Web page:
In one sampling, only about 3 percent of employees using company-supplied devices and service plans were getting apps via premium text-based downloads or directly from wireless carriers’ on-deck apps. But the carriers were getting an average of $6 from each paid download.
Of that 3 percent, about 18 percent of the downloads were for games; almost 11 percent were for navigation; and 15 percent were for music, which includes songs as well as apps that manage music or offer a subscription to some kind of music service.
That analysis comes from Validas, the company that offers rate plan analysis and mobile bill audit services for consumers, including enterprises, of major U.S. carriers. Validas analyzed one enterprise’s activity between October 2009 and May of this year and found nearly 55 percent of on-deck downloads were paid and 45 percent were free.
The trends in the enterprise probably aren’t surprising given that enterprise users are consumers at heart, notes Ed Finegold, executive vice president of analytics at Validas, which gleans data from cell phone bills and combines that with patent-pending analytics to track trends.
Finegold looked at about 9,000 downloads drawn from more than 291,000 individual users’ bill details to find that 3 percent of the lines were accessing free or paid downloads. Only 13 of the 9,000 downloads were classified as business related, and most of them were “field force manager” type apps and remote sync. “There doesn’t seem like there’s a lot of compelling business apps, especially not paid ones,” he says.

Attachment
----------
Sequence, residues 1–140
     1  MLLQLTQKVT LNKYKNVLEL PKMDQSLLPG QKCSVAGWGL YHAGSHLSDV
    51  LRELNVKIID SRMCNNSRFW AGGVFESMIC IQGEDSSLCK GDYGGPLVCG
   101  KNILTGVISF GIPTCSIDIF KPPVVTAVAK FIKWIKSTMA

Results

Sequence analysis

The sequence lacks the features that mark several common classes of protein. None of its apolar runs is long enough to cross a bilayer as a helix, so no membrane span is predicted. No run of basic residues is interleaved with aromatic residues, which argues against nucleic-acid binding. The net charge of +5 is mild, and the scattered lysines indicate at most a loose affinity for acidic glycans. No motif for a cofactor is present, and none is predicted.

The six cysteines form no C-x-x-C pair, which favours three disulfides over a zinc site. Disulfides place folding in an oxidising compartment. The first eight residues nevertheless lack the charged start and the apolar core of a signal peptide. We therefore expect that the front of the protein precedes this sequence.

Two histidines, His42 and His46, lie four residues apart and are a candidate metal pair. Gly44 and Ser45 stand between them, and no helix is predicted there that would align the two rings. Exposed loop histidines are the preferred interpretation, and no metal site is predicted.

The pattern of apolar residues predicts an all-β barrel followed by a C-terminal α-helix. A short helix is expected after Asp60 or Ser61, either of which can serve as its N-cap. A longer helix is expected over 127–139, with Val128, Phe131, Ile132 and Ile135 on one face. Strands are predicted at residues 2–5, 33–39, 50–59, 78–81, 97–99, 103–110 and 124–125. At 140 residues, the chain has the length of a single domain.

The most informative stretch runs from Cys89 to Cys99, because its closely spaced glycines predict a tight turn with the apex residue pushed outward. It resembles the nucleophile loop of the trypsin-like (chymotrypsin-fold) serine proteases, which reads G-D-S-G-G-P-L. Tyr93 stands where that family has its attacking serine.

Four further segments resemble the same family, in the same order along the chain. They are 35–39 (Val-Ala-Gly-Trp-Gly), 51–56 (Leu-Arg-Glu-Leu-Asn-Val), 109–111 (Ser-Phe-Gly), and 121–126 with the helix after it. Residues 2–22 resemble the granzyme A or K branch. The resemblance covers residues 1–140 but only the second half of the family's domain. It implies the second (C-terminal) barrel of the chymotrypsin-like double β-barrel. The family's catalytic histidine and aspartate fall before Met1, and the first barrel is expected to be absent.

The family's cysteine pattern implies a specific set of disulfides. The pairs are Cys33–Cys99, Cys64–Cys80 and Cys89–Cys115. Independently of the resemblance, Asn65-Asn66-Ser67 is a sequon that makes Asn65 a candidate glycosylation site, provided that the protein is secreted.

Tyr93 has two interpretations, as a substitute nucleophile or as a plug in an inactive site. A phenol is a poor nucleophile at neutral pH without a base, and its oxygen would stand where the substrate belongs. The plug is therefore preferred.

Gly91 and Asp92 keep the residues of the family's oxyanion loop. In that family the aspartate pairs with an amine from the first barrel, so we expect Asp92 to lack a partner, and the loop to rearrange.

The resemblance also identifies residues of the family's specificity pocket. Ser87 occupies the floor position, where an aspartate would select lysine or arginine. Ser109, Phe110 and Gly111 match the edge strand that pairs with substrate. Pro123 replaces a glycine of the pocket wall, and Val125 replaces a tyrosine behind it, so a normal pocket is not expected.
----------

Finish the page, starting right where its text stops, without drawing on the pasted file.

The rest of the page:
A separate category for e-mail apps, which could be considered a business-related app, represented 4.6 percent of all downloads in the study.
The “future” category, which consists of apps like horoscopes, represented a tiny fraction of the downloads, but almost 97 percent of them were paid and cost about $10 a pop.
Interestingly, 1.1 percent of the downloads were adult related and about 56 percent of those were paid for, averaging $5.41 a look. The adult segment includes apps with themes like “hotties” and “hunks.”
Most of the time, companies don’t employ someone to audit this kind of stuff, and Finegold says he doesn’t know of any example where Validas called out a specific employee because he or she downloaded something that wasn’t directly (or even remotely) related to the job. Validas in the past has advised clients, like an unnamed state government entity, to block employee devices from being able to do downloads so they don’t get saddled with the charges regardless of the apps’ potential for increasing productivity.
Downloads in the study included only on-deck downloads from carrier portals and downloads associated with premium text services, like when a phrase is sent to a short code for download. Some of the activity consisted of people giving to charity, and most of those apps cost between $5 and $10; a lot of that was connected to the Haiti relief efforts in January.